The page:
• Takata airbag two


“The findings in this analysis conducted for The Safety Institute are disturbing, said Richard Newsome of Newsome Melton law firm. “For months now, all we have been hearing is how it’s the consumers responsibility to not drive cars that have been recalled, yet here we see evidence that car owners couldn’t get their recalled vehicles fixed even if they wanted to because the manufacturers don’t have the parts to fix them – and these were the vehicles that NHTSA deemed to be ‘highest risk.”


The Safety Institute is publishing the results of its study into reported shortages of Takata airbag inflators today.  Newsome Melton sponsored the study, which tracks complaints filed by consumers who took their vehicles with recalled Takata airbags in for repairs only to be turned away due to a shortage of replacement parts.

By way of background, the National Highway Traffic Safety Administration (“NHTSA”) entered an unprecedented Order last November that divided recalled vehicles with Takata airbags into different “priority” levels.  This process was put in place in place because the unprecedented scope of the Takata recall has turned airbag replacement parts into scarce commodities. The different priority groups were set according to what NHTSA perceives to be the biggest risk factors for inflator ruptures—the vehicle’s age and exposure to humidity.  Applying those factors, NHTSA determined that Priority Group 1 would include model year 2008 or earlier vehicles that were registered in the following states and territories: Alabama, California, Florida, Georgia, Hawaii, Louisiana, Mississippi, South Carolina, Texas, American Samoa, Guam, the Northern Mariana Islands, Puerto Rico, and the Virgin Islands.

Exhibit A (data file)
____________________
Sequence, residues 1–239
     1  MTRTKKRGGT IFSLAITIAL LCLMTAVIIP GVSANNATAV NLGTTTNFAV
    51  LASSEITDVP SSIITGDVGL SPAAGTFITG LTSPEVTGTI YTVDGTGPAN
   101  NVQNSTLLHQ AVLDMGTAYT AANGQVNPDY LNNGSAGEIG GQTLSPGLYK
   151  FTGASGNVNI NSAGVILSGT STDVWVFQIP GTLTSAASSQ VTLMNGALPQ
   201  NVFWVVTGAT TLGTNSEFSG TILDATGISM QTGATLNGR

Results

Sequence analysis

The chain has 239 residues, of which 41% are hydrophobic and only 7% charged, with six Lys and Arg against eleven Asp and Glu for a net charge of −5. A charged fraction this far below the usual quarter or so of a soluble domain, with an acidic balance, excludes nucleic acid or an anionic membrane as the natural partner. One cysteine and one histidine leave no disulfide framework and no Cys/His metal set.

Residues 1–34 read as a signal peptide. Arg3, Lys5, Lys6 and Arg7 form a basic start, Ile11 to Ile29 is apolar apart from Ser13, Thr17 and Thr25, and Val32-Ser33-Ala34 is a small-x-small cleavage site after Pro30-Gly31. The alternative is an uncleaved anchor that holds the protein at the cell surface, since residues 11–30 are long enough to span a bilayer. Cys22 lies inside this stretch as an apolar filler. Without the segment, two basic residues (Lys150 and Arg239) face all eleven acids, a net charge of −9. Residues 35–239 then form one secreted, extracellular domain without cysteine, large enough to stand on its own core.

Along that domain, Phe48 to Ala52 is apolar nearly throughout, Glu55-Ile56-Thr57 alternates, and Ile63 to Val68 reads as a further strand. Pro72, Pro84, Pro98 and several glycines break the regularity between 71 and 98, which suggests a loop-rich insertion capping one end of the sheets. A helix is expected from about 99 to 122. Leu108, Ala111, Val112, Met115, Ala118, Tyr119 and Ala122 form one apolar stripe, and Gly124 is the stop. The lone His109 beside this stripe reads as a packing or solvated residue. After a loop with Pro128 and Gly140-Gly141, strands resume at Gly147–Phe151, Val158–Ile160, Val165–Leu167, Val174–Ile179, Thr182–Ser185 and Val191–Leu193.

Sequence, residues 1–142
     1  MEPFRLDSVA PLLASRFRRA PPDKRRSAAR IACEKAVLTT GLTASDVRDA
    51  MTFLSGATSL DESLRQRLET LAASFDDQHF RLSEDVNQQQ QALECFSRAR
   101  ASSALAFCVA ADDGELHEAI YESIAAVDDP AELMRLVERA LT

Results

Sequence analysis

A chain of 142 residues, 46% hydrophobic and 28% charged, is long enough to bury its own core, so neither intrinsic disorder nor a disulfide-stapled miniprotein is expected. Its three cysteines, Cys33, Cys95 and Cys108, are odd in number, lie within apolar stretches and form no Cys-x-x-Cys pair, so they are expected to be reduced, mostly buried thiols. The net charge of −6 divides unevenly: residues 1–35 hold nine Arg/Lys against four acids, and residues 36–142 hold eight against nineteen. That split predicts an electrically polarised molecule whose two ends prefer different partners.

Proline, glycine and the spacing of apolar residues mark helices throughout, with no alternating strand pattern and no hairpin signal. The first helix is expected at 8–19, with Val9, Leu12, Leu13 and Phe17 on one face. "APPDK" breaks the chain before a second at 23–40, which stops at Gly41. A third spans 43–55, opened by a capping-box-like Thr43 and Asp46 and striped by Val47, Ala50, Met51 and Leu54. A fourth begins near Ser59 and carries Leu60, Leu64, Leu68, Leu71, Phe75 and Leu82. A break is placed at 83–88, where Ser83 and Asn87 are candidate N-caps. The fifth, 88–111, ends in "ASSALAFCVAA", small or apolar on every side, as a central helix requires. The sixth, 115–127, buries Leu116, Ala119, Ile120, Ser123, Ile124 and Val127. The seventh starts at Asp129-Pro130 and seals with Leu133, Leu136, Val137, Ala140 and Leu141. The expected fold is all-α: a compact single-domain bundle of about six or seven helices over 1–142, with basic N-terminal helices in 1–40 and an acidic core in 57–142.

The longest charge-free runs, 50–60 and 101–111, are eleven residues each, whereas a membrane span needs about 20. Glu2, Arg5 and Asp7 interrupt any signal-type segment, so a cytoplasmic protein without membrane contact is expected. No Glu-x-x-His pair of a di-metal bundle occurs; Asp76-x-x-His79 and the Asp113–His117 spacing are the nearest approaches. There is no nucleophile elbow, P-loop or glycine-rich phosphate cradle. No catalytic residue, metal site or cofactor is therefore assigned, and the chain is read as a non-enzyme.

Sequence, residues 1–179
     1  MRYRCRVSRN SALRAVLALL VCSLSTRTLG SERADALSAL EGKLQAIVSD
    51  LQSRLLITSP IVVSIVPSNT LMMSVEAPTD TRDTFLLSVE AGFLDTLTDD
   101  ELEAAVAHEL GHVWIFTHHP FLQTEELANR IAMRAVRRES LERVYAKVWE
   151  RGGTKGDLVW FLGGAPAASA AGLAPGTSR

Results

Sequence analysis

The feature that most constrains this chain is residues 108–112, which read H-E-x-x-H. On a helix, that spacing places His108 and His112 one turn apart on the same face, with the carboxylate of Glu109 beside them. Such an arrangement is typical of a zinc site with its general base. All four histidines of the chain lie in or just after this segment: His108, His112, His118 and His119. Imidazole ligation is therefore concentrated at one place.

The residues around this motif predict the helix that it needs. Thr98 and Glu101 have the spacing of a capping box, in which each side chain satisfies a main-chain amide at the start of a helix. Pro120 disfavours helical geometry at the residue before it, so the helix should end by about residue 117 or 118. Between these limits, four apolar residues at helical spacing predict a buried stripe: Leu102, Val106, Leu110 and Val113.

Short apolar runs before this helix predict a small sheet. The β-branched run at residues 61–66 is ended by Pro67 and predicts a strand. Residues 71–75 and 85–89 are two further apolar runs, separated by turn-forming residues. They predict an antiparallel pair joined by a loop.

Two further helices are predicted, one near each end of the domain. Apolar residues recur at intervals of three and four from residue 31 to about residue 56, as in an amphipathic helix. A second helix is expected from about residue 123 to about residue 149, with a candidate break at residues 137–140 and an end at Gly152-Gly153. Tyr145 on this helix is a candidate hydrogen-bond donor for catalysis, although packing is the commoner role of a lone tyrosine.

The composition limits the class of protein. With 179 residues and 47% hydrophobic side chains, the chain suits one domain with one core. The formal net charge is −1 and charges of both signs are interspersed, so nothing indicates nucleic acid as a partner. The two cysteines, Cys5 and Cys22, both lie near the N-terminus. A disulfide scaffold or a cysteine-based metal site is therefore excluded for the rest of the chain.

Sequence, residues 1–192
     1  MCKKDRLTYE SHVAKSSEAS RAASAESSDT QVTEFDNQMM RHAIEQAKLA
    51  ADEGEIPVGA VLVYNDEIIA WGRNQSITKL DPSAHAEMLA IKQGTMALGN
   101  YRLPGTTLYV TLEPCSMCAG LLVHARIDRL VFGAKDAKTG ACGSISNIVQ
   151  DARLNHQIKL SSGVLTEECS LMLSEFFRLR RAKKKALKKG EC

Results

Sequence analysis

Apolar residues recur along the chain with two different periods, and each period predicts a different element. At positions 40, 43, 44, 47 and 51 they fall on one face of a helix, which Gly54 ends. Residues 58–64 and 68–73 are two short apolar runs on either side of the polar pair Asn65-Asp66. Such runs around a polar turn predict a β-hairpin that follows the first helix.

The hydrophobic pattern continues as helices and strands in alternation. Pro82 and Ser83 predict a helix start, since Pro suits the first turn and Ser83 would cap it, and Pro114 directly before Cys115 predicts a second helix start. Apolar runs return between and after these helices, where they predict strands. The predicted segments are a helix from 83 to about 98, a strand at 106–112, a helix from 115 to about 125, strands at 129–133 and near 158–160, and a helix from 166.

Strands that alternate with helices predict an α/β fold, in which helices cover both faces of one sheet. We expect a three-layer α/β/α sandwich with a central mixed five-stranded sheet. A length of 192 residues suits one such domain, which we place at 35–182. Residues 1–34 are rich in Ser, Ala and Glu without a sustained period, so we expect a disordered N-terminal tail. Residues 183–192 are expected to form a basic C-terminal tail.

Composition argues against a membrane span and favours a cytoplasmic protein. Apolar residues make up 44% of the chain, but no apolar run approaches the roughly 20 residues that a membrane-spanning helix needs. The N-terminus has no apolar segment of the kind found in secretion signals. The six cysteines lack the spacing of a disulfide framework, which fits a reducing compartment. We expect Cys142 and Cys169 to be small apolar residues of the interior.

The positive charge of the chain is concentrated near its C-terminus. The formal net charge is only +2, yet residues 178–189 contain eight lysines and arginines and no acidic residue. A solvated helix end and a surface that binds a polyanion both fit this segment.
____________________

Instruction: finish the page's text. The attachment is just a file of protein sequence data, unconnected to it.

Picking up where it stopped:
The NHTSA Order required that manufactures make replacement parts available for all Priority Group 1 vehicles by March 30 of this year.  The study tracked consumer complaints made to NHTSA from April through July, and found many reports of consumers with Priority Group 1 vehicles being turned away for airbag replacements.  And the study’s authors believe those complaints represent only a “small fraction” of the consumers who have actually been turned away, as not everyone will go through the process of lodging a complaint through NHTSA.

Despite the apparent widespread non-compliance with the Order, the study reports that NHTSA has yet to announce any penalties at all for violations.  The authors were also unable to locate any evidence that NHTSA was even investigating the potential violations, although BMW did apparently ask for and receive an extension to meet the requirements.

This study has important implications for Takata airbag cases.  One of the common defense refrains in these cases is that the consumer is at fault for his or her own injuries.  Manufacturers will point to recall notices purportedly sent out in advance of the crash, and claim that the fault is on the person who is injured by the shrapnel for not having their vehicle fixed.   We’ve long argued that the blame the consumer defense is hollow because the manufacturers cannot prove that it would have even made a difference if the consumer took their vehicle in for a repair.  Today’s study further undermines this defense tactic, as widespread replacement part shortages appear to continue even for the highest priority vehicles.

The study can be viewed at this link